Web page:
With low expectations on my end, Ryan was elated-yet-unsurprised to see the telltale movement and blowhole expression of a killer whale on the distant horizon. One after another, we stood in awe and joyous wonderment witnessing the pod of whales moving in a line south past Dead Man’s Bay, where we were standing at an overlook in solitude. Grabbing a single sub-par photo, I was otherwise delighted by the magic unfolding before our eyes.

Five minutes in, a couple with Washington license plates drove their SUV along the overlook pull-off, bright excitement in their voices, they inquired if the J-Pod had swum by yet. The woman’s sister, a local wildlife photographer, had access to a private social media group who reports whale sightings, so they were driving along the island hoping to spot them.

Barely pulling far enough off the road, they parked behind our camper van and hurriedly made their way down the rocky overlook to share our epic view. The woman, close to our age in her mid-30s, mentioned she has waited her whole life to see orca whales, especially considering she’s lived on the Olympic Peninsula for over 10 years. This opportunity was long overdue.

Reaching the lookout, she viewed the entire once-in-a-lifetime spectacle through the rectangle of her phone, frantically and haphazardly scanning the horizon in futile attempts to zoom far enough in and capture a barely recognizable photo or fully-blurry video of an orca quickly coming up for air. Admitting with a laugh, half aware of the irony, “If I don’t have proof to share online, did it actually happen?”

She’s missing it! I thought to myself, benevolently wondering what exactly she would take away from the encounter. Or, in five years, while searching for the dorsal fin in photos, would she hold any emotion toward the orca whales she waited a lifetime to see?

Maybe I’m coming off as judgy. But our society clearly has an obsession with needing documentation, robbing ourselves of literal magic.

In our unique experience as Leo’s mom and dad, we consistently carried our phones and camera at the bottom of our hiking bag, forcing ourselves to be in the moment. As parents of a child with a limited life expectancy, we lived by toeing the line between overwhelming pressure to make the most memories in Leo’s shortened life and thoughtful slowing down. Strangely, there was always a rebellious feeling attached to the latter.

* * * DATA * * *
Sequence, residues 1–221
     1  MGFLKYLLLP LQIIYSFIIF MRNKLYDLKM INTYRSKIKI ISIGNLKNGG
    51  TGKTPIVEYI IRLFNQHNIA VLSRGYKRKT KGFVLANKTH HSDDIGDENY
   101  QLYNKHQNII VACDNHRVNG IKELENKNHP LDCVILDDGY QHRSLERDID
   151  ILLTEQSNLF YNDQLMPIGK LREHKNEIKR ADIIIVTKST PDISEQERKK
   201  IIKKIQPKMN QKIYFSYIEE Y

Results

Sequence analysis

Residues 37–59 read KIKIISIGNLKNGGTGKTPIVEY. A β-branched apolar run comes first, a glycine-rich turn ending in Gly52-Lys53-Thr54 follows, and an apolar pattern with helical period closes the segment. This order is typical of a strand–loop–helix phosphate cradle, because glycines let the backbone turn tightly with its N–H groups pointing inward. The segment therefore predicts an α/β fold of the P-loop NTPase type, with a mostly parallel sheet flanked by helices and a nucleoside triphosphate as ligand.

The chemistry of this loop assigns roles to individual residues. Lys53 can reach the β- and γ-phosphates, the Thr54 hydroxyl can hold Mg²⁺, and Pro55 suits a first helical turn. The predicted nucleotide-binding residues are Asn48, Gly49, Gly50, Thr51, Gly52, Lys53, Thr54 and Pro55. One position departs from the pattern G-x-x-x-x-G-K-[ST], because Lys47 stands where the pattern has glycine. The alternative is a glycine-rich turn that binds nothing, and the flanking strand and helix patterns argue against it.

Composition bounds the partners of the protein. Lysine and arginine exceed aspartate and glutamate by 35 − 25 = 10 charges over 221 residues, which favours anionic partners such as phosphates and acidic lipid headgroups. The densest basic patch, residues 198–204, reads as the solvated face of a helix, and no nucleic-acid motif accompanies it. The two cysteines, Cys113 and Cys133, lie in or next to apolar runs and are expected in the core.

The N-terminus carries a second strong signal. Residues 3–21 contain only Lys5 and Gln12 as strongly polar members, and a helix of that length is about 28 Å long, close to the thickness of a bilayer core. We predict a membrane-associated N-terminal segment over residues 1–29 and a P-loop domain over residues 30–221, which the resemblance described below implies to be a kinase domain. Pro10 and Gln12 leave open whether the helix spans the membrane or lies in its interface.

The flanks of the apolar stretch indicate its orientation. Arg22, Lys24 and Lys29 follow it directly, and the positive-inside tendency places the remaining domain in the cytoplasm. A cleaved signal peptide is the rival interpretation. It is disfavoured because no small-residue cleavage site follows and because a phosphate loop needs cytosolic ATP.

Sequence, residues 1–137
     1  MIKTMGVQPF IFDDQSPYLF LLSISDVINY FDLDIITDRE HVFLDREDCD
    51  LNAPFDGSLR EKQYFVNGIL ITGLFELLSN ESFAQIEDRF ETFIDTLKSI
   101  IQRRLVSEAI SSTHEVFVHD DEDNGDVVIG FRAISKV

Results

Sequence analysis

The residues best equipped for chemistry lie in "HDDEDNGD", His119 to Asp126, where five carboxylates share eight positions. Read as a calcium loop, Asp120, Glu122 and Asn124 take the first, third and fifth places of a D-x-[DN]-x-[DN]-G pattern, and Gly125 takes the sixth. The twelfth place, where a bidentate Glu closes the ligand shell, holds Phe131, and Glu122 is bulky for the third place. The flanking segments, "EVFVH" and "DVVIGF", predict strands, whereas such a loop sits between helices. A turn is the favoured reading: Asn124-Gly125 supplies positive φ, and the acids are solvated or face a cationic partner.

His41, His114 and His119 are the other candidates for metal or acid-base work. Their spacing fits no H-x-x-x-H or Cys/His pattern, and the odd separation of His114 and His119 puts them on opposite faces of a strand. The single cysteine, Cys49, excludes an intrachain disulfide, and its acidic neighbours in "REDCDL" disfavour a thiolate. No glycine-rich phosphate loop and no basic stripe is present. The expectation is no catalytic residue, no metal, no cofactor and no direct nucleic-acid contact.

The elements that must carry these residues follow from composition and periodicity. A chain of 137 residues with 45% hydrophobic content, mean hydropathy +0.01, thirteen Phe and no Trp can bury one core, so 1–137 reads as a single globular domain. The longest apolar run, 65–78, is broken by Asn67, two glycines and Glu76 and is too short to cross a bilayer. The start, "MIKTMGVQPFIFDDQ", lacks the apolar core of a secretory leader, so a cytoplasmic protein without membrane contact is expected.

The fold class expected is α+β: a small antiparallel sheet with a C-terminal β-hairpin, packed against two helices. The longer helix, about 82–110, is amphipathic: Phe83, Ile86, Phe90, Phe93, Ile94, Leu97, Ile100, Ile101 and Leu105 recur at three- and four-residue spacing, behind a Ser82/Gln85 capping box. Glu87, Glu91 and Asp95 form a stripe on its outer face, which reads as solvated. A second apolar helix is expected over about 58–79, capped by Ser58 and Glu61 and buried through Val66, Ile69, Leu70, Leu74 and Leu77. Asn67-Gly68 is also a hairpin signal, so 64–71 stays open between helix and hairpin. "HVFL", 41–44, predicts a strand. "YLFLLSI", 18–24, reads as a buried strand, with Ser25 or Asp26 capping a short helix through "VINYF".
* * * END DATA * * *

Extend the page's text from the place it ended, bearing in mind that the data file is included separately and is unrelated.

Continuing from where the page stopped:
Learning how to weave the polarizing views by prioritizing intentional presence during the real-life experience, providing JOMO, followed by documenting with a photo or video, feeding our FOMO, was revolutionary!

Not only were we able to cherish the present moment’s beauty, but also had a thoughtful souvenir to evoke this memory down the road.

The thousands of photos we’re left with are physical representations, or proof, that these moments existed. However, secondary to revering the genuine lived experience.

Let us give ourselves the opportunity to unlock core memories by pausing to take in the beauty of our nows. How do we feel? What do we notice in the background? What are the details that make this experience special enough to reach for our phones to snap a photo, suspending the presence in time?

Contrary to surprisingly popular belief, things can happen and be enjoyed without proof on social media. Pictures do last forever, but the present moment is always fleeting.